Dr. Laurence Polsky, Calvert’s health officer, admitted on Nov. 10 he was delivering his semi-annual report to the county commissioners — convening as the board of health — at a rather significant time. Polsky noted that the U.S. had eclipsed 10 million confirmed cases of the coronavirus. Within a week, that number had increased to more than 11 million.
And, the resurgence of COVID-19 comes as influenza season arrives, health officials have noted.
“COVID plus flu equals bad news,” Polsky’s presentation graphic stated. “The confluence of both COVID and influenza certainly increases potential for both ICU [intensive care unit] admissions and deaths,” Polsky said.
In noting that the nation averaged 70,000 flu deaths during the 2017 to 2019 period, with 43 million becoming ill and 750,000 per year hospitalized, Polsky lamented that “somewhat startlingly, only 37% of adults get vaccinated.”
The seasonal flu vaccine is 50% to 60% effective, which Polsky called “still substantial.” The health officer explain that “if everyone had gotten a flu vaccine” even at 50% effective, there would be “a dramatic drop in numbers. We protect ourselves, we protect everyone else.”
The local health department conducted several free seasonal flu vaccine clinics in October and early November.
Commissioner Thomas “Tim” Hutchins (R) asked Polsky if there were any statistics on how much of Calvert’s total population was vaccinated for the seasonal flu.
“Vaccinations are fractured,” said Polsky, explaining that shots are given at clinics, doctors’ offices and pharmacies and there was no “centralized data base” in Maryland to connect the information.
“When the COVID vaccine does come about it will be critical as to how we can do those estimates,” said Hutchins.
Polsky said the initial distribution for any COVID-19 vaccine will be through hospitals and health departments. He added there will be a “limited amount of production” for the first distribution since government “does not want the vaccine sitting in a warehouse.”
Polsky conceded that some lives have been lost to COVID-19 among Calvert’s population — 12 to date, according to the county health department. However, he also pointed out the rate of COVID-related fatalities in Calvert “are five times lower than the state average. If our fatality rate was at the state average, we would have had an additional 48 deaths since March, among residents.”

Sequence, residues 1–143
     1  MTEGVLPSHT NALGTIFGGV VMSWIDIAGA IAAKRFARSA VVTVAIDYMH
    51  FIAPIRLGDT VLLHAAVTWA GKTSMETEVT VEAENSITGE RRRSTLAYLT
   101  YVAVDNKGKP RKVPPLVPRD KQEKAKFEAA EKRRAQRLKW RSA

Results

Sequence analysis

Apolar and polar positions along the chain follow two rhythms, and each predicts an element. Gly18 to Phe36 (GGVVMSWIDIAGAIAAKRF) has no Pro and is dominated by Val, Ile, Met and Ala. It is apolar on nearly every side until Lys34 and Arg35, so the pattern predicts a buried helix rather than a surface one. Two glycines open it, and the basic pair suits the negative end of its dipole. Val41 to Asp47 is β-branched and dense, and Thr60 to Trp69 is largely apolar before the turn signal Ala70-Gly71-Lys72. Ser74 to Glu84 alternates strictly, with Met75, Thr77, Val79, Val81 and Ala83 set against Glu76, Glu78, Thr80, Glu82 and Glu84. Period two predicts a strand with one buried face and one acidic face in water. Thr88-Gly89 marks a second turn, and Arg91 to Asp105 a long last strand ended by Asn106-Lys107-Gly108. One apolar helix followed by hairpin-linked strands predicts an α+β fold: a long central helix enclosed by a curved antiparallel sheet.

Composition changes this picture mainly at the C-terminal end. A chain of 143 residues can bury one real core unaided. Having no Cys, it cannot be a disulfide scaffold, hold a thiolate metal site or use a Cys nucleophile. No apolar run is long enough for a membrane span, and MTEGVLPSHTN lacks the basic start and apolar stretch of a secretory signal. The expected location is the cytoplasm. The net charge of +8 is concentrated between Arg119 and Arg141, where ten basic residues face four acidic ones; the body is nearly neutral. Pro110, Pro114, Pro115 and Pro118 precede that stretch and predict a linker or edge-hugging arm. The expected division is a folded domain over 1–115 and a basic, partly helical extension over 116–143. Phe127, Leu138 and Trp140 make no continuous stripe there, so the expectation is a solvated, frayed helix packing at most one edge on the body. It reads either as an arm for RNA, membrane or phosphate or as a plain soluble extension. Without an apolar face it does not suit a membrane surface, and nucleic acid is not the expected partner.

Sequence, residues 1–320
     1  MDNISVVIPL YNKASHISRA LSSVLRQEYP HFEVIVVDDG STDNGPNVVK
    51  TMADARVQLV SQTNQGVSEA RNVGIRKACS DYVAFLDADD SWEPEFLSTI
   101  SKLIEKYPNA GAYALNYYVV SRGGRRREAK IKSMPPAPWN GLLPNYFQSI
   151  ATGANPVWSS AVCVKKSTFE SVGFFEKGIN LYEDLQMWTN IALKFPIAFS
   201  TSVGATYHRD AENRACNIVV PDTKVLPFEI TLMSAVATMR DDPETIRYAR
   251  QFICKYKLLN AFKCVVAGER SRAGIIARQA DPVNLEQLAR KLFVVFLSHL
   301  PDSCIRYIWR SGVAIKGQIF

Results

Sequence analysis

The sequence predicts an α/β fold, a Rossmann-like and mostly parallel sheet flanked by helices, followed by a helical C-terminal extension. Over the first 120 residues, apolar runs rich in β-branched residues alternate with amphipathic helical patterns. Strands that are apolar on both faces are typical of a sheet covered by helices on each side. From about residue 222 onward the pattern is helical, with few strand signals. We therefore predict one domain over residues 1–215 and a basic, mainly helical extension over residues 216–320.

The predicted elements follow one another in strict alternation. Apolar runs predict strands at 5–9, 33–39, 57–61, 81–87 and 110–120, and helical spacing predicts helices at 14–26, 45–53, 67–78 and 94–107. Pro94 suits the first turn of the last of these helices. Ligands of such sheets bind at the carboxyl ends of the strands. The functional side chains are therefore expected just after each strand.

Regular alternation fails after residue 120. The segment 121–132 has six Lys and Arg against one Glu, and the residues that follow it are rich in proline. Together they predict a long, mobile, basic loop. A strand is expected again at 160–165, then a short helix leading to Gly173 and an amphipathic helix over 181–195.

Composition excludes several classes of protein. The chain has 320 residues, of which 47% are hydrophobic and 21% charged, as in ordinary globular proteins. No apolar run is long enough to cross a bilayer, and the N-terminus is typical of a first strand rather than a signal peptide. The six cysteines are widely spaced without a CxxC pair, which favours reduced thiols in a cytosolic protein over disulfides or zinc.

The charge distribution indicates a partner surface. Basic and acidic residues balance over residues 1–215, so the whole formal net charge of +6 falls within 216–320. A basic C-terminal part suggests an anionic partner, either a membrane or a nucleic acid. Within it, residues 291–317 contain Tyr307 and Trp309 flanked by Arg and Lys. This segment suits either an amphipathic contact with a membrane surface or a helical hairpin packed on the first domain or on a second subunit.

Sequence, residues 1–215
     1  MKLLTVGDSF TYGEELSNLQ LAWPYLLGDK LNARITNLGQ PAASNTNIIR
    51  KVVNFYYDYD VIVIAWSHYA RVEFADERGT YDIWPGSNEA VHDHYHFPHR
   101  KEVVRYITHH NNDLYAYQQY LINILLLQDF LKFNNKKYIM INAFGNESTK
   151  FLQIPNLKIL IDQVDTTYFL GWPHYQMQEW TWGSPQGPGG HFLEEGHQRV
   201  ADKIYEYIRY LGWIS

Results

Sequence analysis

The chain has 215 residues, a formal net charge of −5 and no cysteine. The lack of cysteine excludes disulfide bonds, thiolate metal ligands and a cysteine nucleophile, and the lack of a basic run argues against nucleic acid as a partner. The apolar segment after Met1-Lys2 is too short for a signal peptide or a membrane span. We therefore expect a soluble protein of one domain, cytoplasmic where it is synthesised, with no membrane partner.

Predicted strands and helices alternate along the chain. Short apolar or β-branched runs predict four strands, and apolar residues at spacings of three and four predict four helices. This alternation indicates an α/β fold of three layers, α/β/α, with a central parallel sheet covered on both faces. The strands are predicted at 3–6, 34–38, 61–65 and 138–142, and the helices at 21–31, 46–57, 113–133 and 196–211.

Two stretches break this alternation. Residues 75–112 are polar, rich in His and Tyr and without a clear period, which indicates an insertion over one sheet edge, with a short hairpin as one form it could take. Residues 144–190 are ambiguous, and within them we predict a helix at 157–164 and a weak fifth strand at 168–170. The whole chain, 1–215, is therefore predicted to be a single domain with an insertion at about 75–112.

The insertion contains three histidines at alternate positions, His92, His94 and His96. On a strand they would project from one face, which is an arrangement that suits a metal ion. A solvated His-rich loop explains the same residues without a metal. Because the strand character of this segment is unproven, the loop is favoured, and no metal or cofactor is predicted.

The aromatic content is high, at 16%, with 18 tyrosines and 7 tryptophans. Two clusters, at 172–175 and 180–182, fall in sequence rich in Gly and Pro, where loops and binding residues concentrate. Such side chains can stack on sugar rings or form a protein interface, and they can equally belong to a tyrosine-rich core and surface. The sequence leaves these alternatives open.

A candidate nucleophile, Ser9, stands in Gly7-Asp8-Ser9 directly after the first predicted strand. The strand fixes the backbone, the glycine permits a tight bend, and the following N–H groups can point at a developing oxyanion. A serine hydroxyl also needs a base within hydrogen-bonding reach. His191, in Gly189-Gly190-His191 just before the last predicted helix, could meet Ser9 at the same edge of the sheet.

The state health department, which calculates deaths differently than the county health department, lists 29 confirmed deaths and one possible death related to COVID-19 in Calvert County.
Polsky credited the county’s early proactivity in protecting nursing homes, county residents’ diligence in wearing face masks and adhering to social distancing parameters, and a strong public health/private medicine partnership.
Regarding the first point, Polsky did note during the previous week the county experienced its first nursing home coronavirus “breakout. To this point, no deaths,” he reported.
Other proactive measures on Calvert’s COVID-19 front included continued operation of a drive-up testing site — with one currently located at the College of Southern Maryland’s Prince Frederick campus — and the health department’s receipt of a “bulk order of “rapid test” kits.
Following other health trends in the county
Polsky had other positive trends to share with the board. He noted Calvert’s fetal and infant mortality numbers fell 32% from 2010—2014 to 2014—2018, a development the health officer called “very significant.”
While drug overdose deaths were up 8.6% statewide in 2020 compared to 2019, Polsky said in Calvert County the number is down 9.1%.
Opioids such as fentanyl continue to be the top substance responsible for overdose deaths statewide, according to data from the Opioid Operation Command Center.
Polsky pointed out that Calvert has four drug treatment locations, in Chesapeake Beach, Prince Frederick, Barstow and Lusby.
He added that the health department has been partnering with the local adult drug court and the Calvert County Detention Center in a battle against drug abuse.
Polsky drew praise from Hutchins at the end of the presentation for his leadership in dealing with many ongoing public health issues.
“You’ve led us to a good an outcome as we can expect,” Hutchins said.